To go even further into this humiliation, Pilate had it written and hung on the cross the message, “JESUS OF NAZARETH, THE KING OF THE JEWS (v.19).”  Jesus admitted to being a king, as we saw in our lesson last week when He admitted to His kingdom not being of our world (John 18:37).  Jesus never denied being a king, and when He spoke of being a king, His kingdom did not only include the Jews but it also included Gentiles as well (John 10:16).

So, what was so humiliating about Pilate hanging this inscription?  Well, in Old Testament times, when kings would fall to another king, they – whether living or dead – would be paraded through the streets just as we have seen in our lesson with Jesus.  Then, after being paraded through the streets, they would essentially be raised in front of a crowd to be mocked.  

Saul did this during his days as king when he spared Agag only to take all that he had before his face and parade him around (1 Sam. 15:8-9).  Such mockery also happened to Zedekiah when Nebuchadnezzar killed his sons before gouging out his eyes, bounding him with bronze restraining chains, and sending him back to Babylon (2 Kgs. 25:7).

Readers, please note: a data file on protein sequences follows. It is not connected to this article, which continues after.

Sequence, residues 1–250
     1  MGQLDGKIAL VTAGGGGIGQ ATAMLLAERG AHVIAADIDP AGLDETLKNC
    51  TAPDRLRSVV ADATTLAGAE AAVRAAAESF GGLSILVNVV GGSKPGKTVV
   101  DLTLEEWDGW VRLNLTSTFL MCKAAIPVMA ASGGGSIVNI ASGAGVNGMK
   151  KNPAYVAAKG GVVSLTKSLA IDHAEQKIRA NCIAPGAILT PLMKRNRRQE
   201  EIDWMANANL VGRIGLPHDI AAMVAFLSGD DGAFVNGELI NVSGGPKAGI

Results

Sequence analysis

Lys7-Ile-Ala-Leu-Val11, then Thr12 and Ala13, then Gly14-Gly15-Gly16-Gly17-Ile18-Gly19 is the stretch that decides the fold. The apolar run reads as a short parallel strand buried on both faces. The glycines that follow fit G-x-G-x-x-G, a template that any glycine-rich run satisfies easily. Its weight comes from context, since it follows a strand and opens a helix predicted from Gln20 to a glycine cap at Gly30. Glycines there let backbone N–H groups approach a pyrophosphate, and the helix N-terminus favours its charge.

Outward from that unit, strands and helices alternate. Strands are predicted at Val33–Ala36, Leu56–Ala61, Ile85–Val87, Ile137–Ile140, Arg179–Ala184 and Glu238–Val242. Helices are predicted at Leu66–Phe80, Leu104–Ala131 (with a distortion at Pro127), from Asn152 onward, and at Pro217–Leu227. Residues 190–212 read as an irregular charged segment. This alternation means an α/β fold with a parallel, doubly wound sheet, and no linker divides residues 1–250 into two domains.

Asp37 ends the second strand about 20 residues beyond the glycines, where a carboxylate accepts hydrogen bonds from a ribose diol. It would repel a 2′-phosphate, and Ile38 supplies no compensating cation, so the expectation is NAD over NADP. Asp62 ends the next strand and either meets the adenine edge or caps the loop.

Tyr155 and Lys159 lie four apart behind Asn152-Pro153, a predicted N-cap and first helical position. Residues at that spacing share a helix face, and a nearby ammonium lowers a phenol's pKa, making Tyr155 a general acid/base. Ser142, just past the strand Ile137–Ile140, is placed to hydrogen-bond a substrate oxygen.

So, doing all of that  in those days was done to show one king’s authority and dominance over another.  Pilate having this inscription mounted above Jesus on the cross was essentially a “look at what we have done to the king of the Jews” moment for the Romans.  The religious leaders did not like this and desired for the sign to read, “He said, ‘I am the King of the Jews. (v.21)’”  They knew that this was mockery for the Jews and they desired for the mockery to solely be put on Jesus.

The humiliation of Jesus continued while He was on the cross as the soldiers divided Jesus’ garments and cast lots for the parts they would get (vss.23-24).  John tells us that the dividing and casting of lots for Jesus’ garments fulfilled Scripture.  The Scripture that was fulfilled is from Psalm 22:18, where we see glimpses of the suffering of the Messiah.

Jesus’ caring for Mary

Now, as Jesus hung dying on the cross, we are told that a faithful few stood by the cross.  John writes that Mary, the mother of Jesus, along with her sister, another Mary who was married to Cleopas (Luke 24:18), and then Mary Magdalene were present at the crucifixion of Jesus (v.25).  John was able to write this because he was also standing there next to Mary, the mother of Jesus (v.26).

When Jesus looked down to see them, He said to His mom, “Woman, behold your son!”  Now, Jesus was not telling her to look at Him as she was most likely already looking at Him.  Jesus was nearing the end of His physical life and He was more concerned about Mary than Himself.  He had no reason to be concerned for Himself as He was about to be glorified.